Greptastic. • 1 February 2012 • The SnowBlog


Flushed with success from the overwhelming response to my previous geeky post, I am thrilled to bring you something else that you'll never use, but if you did would save you masses of time. Do you ever have an XML file which isn't validating because of invisible non-ASCII characters? Yeah? You do? I bet you do! Allow me to help! Open the Terminal application. Change into the directory which contains your buggy file. cd path/to/buggy/file Run the following command: grep -n -P "[\x80-\xFF]" file.xml That syntax, broken down: grep -n - gives the line number of the problem in the output -P - tells the computer that there is a Perl regular expression coming up. Perl is a programming language. That's about all I know about it. Doesn't stop me from using it. "[\x80-\xFF]" - the pattern you want the computer to look for. This will find all characters which are in the range 0x80 to 0xFF.* file.xml - the name of the file you want to search. Terminal will run through your file, and report on any characters that match that grep so you can gleefully zap them. Primary source. You should spend time on Stackoverflow. It's nerdalicious. ---------------- * Eh? you say. Characters don't look like that. They look like this: "a", or "d", or, rather exotically, "z". Yes they do, but computers are funny. Computers like lists, and order, and to know exactly what's what. A computer likes to use a system known as ASCII (American Standard Code for Information Interchange) just to be on the safe side, so that if it's handed a character, it can be sure it knows which character you mean. If you use a character on the ASCII list, you know that your computer - and pretty much any computer software - is going to be able to handle it. The ASCII list assigns values to the most-used characters, using a variety of codes. The letter 'a', for instance, is "61" in hexadecimal code. 0x80 (one of the codes we use in the pattern, here) is a computer-y way of saying the number you probably know as 128, or CXXVIII if you're still into Roman numerals, or 80 if you've been looking at the hexadecimal color picker in Photoshop for too long. 0xFF is 255, or CCLV, or FF. Those pesky non-ASCII characters which don't display on your screen and which bugger up your XML are all in that range.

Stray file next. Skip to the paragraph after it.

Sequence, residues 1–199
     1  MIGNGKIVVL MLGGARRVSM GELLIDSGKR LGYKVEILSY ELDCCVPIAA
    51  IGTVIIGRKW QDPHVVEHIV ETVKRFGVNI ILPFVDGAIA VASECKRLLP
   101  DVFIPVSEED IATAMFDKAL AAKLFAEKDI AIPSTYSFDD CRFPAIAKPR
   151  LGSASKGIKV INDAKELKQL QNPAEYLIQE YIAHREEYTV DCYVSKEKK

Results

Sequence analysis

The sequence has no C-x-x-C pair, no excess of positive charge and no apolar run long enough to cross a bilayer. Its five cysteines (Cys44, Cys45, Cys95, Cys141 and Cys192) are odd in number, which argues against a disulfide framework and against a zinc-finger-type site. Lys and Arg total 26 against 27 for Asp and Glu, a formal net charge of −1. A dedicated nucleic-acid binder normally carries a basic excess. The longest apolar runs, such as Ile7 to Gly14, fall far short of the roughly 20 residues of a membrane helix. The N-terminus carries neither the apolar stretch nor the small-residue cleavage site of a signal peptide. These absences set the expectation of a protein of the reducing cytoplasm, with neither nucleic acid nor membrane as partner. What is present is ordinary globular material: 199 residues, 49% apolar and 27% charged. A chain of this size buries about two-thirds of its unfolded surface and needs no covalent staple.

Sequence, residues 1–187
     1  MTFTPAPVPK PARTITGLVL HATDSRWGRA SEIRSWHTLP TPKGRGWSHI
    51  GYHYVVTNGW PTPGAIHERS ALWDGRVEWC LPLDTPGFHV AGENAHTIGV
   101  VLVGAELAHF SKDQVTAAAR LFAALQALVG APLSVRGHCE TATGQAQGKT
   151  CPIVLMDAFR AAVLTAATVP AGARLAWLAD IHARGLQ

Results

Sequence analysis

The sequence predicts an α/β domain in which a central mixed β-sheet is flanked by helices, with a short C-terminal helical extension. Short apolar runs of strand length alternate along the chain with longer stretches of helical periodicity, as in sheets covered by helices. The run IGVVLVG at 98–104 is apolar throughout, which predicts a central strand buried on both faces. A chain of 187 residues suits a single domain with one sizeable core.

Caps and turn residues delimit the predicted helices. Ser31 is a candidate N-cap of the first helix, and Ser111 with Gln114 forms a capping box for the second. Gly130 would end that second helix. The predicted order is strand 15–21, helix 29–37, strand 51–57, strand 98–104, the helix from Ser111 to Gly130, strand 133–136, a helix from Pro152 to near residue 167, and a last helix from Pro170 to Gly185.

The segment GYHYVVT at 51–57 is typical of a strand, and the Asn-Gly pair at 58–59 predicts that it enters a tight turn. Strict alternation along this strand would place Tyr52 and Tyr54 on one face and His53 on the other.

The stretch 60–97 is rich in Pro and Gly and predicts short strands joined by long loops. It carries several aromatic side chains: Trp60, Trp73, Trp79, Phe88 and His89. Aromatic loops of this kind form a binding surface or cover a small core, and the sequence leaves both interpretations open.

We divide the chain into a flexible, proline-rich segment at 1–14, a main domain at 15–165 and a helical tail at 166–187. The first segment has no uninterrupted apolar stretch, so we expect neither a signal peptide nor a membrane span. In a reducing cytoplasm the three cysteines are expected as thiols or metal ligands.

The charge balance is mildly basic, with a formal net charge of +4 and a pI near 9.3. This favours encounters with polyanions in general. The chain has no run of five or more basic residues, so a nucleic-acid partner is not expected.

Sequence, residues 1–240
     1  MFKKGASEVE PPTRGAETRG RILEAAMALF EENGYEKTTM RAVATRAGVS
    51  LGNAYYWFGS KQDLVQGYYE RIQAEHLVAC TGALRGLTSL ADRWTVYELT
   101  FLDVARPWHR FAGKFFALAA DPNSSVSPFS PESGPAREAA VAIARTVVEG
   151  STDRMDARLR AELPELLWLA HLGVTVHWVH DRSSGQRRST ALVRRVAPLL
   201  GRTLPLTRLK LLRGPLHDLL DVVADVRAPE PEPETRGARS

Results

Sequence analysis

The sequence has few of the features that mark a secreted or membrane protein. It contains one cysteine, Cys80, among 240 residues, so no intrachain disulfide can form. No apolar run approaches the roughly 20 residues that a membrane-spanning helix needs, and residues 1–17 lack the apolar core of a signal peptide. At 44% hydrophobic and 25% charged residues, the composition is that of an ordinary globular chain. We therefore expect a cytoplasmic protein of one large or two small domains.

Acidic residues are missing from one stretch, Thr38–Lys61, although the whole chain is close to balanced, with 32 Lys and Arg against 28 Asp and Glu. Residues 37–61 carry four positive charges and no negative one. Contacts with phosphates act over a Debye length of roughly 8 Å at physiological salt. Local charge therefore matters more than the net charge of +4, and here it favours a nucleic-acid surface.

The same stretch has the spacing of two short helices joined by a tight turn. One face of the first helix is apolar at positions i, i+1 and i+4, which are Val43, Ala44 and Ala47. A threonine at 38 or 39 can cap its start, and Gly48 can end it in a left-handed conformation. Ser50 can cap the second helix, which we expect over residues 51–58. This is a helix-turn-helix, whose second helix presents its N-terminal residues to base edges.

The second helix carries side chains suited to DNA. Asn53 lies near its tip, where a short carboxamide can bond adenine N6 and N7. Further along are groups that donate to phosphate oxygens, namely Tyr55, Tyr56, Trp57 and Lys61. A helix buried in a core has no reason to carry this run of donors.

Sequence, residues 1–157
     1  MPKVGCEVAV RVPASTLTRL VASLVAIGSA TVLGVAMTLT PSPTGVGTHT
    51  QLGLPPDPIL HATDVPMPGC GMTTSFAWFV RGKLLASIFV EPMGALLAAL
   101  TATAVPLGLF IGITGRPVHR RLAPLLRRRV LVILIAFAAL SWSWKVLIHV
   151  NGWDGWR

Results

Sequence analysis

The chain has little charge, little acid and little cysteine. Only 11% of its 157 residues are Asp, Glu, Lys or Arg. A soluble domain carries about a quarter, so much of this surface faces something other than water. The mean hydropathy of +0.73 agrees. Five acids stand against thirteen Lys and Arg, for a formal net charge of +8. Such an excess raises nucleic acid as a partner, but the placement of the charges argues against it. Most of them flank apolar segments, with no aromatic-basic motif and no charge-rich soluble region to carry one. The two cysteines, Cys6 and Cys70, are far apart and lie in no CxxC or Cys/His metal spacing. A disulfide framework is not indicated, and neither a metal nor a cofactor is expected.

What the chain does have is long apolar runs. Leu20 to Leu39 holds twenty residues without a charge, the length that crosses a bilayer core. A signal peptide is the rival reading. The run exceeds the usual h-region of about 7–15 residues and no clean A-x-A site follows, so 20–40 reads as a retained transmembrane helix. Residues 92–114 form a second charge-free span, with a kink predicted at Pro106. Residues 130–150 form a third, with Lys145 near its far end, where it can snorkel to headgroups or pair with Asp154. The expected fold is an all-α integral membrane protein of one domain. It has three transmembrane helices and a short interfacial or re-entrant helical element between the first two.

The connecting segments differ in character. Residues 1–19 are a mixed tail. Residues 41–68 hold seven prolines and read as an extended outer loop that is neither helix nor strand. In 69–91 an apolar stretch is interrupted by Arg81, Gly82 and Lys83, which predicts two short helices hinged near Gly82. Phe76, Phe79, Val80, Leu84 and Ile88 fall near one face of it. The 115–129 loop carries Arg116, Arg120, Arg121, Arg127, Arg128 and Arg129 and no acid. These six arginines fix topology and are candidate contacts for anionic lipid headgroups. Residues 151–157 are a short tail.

The SnowBlog is one of the oldest publishing blogs, started in 2003, and it's been through various content management systems over the years. A 2005 techno-blunder meant we lost the early years, but the archives you're reading now go all the way back to 2005.

Many of the older posts in our blog archive suffer from link rot. Apologies if you see missing links and images: let us know if you'd like us to find any in particular.

Read more from the SnowBlog...

« Preparedness 101: Zombie Pandemic
Ruckus in the world of academic journals »